Willy Rampf, Technical Director Chassis:
ďDuring our winter test drives, we notched up almost 10,000 kilometres with the BMW Sauber F1.06. Now things are getting quite exciting because we all want to know how we measure up to the competition. On the Saturday after qualifying in Bahrain we will have a first important indicator. The new regulations, which allow for tyre changes again, will place a far greater focus on preparations for qualifying. Last year it was tyre consistency over the entire race distance that was crucially important; now performance in qualifying has returned to the forefront.
Robert Kubica will play an important role as our number three driver. On Friday morning he will already be able to make the first comparisons and feed us valuable information with regard to tyre choice. In Bahrain we will be driving the car in hot temperatures for the first time, which will put the hardware under considerable strain. With the return of tyre changing, the race will once more present a bigger challenge for the team as a whole. That includes the strategists, who will again have far more freedom in plotting the race tactics thanks to the rule changes. Whereas in 2005 lap times speeded up towards the end of each stint, we will now be seeing the best lap times immediately after the pit stops to pick up fresh tyres. That opens up new possibilities which will inject the races with an extra dose of excitement.Ē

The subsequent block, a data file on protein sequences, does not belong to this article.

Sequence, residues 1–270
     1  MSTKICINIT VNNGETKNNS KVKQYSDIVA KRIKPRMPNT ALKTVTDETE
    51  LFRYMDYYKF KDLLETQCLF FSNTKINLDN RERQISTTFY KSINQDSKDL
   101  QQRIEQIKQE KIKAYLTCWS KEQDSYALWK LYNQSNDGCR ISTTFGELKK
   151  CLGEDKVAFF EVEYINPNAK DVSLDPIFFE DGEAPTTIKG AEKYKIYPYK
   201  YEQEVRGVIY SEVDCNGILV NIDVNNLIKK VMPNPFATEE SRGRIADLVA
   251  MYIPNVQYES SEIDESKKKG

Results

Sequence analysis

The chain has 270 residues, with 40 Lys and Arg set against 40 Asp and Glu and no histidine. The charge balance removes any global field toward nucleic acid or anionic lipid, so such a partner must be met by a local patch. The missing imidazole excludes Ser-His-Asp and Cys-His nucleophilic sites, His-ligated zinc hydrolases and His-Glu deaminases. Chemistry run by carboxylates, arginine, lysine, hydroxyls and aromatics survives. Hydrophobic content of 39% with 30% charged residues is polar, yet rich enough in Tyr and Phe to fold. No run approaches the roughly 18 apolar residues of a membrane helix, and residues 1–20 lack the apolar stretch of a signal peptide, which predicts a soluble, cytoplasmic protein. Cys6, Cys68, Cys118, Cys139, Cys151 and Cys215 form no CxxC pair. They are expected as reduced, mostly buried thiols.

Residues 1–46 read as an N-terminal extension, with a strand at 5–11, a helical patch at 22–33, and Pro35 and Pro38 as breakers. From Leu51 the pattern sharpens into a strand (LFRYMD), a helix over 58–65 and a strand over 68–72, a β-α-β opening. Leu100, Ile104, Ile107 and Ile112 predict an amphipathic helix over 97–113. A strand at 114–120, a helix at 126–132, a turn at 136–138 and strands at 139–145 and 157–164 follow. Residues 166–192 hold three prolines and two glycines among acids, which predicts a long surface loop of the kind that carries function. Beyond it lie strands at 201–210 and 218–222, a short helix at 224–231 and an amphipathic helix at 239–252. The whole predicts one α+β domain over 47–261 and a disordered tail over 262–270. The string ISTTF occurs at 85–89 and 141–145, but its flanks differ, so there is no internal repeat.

Facts and figures:
Circuit/Date: Bahrain International Circuit/12 March 2006
Start time (local/UTC): 14:30 hrs/11:30 hrs (CET 12:30 hrs)
Lap/Race distance: 5.412 km/308.238 km (57 laps)
Winner 2005: Fernando Alonso (Mild Seven Renault F1 Team), 1 hr 29:18.531 min